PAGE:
Ravneet Gill on Junior Bake Off, biscuits and speaking out

The star pastry chef has been back on screens this month as a judge on Junior Bake Off, alongside running empowering hospitality platform Countertalk and releasing her third cookbook, Baking for Pleasure – she certainly keeps busy. Ravneet Gill talks to us about levelling the playing field, pregnancy cravings and her love for chocolate cake…

Ravneet Gill on Junior Bake Off, biscuits and speaking out

What did young Ravneet enjoy eating?

I was a fussy eater. I grew up eating Indian food, having roti most nights or chicken and chips, because I had quite a bland palate when it came to anything else. I didn’t even like ketchup. But I loved sweets. I grew up above a corner shop and got a hole in my tooth because of how much sugar I ate. That’s probably why I’m now quite good at knowing how much I can consume…

What has your experience of pursuing a career in pastry as a woman been like?

As a female chef it is common to be dumped into pastry. In my experience, most of the pastry team would be women. People would tease you and I didn’t like that – the idea being that you were weaker for being in pastry. But I went into it because I loved it. And the minute guys from the kitchen had to cover a pastry shift, they would have a meltdown. It’s a tough job because you’re the first one in and last one out – you have to wait for everybody to decide if they want dessert. When you start to get more confidence and own it a bit more, it becomes less of a bother.

This is your fourth season as a Junior Bake Off judge. Have there been any surprises?

I got the job through an Instagram DM. I showed up thinking I’d be trained but was just thrown onto the set! At the beginning, my critiques were quite harsh because I was used to leading adult pastry teams. The floor managers kept saying, “Can you say it again, but a bit nicer?” Funnily enough, though, I think the kids respected that I would give them tips as to why something had happened and what they could do next time.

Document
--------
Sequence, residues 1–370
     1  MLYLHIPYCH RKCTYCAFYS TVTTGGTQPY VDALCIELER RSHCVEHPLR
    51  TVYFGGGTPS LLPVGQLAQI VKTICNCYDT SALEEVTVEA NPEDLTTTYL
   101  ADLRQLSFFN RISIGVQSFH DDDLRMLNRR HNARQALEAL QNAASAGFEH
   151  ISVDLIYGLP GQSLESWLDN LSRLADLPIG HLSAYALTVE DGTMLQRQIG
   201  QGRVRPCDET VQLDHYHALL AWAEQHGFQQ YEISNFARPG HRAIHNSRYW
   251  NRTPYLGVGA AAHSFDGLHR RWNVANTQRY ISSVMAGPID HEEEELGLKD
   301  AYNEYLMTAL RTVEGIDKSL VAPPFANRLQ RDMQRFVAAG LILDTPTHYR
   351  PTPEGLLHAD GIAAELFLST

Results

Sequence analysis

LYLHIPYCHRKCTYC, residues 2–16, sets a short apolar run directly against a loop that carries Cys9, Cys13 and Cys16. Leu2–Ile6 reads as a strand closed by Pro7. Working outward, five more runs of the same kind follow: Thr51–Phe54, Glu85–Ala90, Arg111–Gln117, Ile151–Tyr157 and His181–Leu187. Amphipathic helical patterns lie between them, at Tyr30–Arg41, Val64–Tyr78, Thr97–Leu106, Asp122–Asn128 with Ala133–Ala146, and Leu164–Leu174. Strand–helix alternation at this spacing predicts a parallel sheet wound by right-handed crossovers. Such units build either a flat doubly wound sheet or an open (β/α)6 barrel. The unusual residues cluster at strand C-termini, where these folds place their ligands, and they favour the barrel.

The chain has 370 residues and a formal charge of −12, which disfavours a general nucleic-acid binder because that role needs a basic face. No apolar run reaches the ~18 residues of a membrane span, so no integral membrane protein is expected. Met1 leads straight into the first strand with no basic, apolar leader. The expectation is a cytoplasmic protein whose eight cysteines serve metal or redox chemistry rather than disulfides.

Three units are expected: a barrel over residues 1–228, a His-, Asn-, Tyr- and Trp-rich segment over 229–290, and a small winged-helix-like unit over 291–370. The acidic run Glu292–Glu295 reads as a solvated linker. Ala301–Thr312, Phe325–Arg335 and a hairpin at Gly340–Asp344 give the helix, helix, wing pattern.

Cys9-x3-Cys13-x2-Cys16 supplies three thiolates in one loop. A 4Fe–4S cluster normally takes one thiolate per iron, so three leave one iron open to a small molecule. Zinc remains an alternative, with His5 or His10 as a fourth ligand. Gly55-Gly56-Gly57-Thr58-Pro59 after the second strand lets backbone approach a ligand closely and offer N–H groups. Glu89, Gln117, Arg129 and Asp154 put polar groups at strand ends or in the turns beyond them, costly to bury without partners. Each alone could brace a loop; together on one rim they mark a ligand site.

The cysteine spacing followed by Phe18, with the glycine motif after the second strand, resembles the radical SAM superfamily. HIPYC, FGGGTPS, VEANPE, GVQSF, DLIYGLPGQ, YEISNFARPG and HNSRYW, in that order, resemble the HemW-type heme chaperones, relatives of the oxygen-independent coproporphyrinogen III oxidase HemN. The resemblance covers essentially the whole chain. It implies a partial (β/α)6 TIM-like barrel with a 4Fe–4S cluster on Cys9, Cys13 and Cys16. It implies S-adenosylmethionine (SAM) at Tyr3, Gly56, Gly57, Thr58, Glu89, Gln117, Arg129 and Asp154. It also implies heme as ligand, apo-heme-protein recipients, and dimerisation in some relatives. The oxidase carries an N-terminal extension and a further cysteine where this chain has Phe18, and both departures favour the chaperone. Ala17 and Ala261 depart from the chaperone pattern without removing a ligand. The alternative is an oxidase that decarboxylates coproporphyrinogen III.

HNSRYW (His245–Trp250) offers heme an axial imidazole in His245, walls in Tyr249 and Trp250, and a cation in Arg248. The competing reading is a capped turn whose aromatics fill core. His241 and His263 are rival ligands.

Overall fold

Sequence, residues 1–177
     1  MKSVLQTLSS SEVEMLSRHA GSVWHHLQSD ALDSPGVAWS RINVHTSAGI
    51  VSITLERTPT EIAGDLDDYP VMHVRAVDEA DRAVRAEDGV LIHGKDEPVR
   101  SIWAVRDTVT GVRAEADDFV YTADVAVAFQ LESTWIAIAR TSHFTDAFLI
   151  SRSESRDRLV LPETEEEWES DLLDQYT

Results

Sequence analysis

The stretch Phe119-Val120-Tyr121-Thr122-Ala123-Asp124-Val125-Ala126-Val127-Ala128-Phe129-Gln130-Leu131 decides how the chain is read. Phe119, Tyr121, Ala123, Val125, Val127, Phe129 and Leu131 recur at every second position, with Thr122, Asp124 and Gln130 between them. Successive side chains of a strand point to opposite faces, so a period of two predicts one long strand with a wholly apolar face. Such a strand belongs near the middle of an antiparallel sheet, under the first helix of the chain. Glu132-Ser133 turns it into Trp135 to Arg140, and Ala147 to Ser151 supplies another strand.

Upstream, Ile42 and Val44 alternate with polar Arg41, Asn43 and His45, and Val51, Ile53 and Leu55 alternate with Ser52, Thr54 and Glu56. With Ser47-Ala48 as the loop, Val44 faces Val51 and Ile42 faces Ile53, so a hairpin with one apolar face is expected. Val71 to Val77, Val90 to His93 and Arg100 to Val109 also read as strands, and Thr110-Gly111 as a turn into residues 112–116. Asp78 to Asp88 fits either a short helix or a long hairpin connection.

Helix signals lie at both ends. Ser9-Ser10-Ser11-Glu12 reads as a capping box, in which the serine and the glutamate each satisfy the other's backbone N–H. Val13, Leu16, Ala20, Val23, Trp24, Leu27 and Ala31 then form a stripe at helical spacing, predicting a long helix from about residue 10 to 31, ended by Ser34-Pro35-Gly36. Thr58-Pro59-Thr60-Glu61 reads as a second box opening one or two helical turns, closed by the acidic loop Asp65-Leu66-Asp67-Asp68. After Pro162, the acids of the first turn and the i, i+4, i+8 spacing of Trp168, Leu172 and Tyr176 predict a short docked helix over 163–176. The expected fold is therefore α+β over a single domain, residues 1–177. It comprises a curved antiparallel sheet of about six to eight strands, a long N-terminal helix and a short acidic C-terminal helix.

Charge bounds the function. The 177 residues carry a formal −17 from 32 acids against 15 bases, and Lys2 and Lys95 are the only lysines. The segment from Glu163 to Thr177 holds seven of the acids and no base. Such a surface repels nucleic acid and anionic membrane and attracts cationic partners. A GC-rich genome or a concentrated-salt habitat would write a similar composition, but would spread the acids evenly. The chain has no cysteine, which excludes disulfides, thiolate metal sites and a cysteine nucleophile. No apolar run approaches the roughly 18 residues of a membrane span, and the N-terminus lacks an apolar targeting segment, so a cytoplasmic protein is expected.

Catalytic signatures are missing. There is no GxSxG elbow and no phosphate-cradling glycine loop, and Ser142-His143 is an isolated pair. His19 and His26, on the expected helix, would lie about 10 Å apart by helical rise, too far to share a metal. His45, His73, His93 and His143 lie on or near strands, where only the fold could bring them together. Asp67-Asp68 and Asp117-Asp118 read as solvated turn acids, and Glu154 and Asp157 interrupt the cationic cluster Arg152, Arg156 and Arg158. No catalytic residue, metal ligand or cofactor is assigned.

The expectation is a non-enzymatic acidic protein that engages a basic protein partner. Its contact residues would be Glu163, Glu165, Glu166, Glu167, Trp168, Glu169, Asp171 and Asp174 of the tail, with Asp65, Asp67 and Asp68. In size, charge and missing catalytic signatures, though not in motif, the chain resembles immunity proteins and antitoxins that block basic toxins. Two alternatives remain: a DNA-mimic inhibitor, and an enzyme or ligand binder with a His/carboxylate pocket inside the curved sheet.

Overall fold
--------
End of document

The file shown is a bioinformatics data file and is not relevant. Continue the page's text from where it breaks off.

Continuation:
A child's hands decorating gingerbread biscuits
Ravneet encourages the young bakers with thorough feedback


What inspired you to launch hospitality platform Countertalk?

I had years of working in one good kitchen and then a bad kitchen. I thought, why isn’t there a place that shouts about the good ones? We’re doing a series on how to read your payslip, and another on starting a business: what’s a shareholders’ agreement? What’s trademarking? These are resources you wouldn’t know where to find, especially in hospitality. When I was asked to write a book proposal, I remember searching ‘What is a book proposal?’ on Google. I think it’s important to be transparent if you can, especially with pay, to help someone coming up behind you.

What drives you to use your voice in this way?

I’ve always been the one to open my mouth when I see something’s wrong or someone needs something. It has got me into trouble, but I’m that person on the train who, if I see something wrong, I’ll say. If I think something should be simplified, if I can help someone or be honest, I’ll just do it – without thinking too much about repercussions.